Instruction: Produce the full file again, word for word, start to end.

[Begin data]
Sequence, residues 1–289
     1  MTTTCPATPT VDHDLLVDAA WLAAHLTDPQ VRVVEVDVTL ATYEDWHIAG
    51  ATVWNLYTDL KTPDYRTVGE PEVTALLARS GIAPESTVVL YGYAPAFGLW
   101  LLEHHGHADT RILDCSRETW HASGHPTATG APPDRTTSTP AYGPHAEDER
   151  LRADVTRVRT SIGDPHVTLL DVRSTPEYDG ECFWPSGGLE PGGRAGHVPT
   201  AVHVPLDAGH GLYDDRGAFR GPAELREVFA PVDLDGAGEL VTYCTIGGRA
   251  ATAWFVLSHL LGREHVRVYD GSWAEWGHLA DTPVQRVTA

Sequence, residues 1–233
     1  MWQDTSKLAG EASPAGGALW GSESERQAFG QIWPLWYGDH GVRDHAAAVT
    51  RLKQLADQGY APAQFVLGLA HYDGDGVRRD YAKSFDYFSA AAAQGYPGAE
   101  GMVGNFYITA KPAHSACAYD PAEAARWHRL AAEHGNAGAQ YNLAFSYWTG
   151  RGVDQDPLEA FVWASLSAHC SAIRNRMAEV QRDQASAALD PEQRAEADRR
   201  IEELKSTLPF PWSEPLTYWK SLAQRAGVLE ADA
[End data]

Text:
Sequence, residues 1–289
     1  MTTTCPATPT VDHDLLVDAA WLAAHLTDPQ VRVVEVDVTL ATYEDWHIAG
    51  ATVWNLYTDL KTPDYRTVGE PEVTALLARS GIAPESTVVL YGYAPAFGLW
   101  LLEHHGHADT RILDCSRETW HASGHPTATG APPDRTTSTP AYGPHAEDER
   151  LRADVTRVRT SIGDPHVTLL DVRSTPEYDG ECFWPSGGLE PGGRAGHVPT
   201  AVHVPLDAGH GLYDDRGAFR GPAELREVFA PVDLDGAGEL VTYCTIGGRA
   251  ATAWFVLSHL LGREHVRVYD GSWAEWGHLA DTPVQRVTA

Sequence, residues 1–233
     1  MWQDTSKLAG EASPAGGALW GSESERQAFG QIWPLWYGDH GVRDHAAAVT
    51  RLKQLADQGY APAQFVLGLA HYDGDGVRRD YAKSFDYFSA AAAQGYPGAE
   101  GMVGNFYITA KPAHSACAYD PAEAARWHRL AAEHGNAGAQ YNLAFSYWTG
   151  RGVDQDPLEA FVWASLSAHC SAIRNRMAEV QRDQASAALD PEQRAEADRR
   201  IEELKSTLPF PWSEPLTYWK SLAQRAGVLE ADA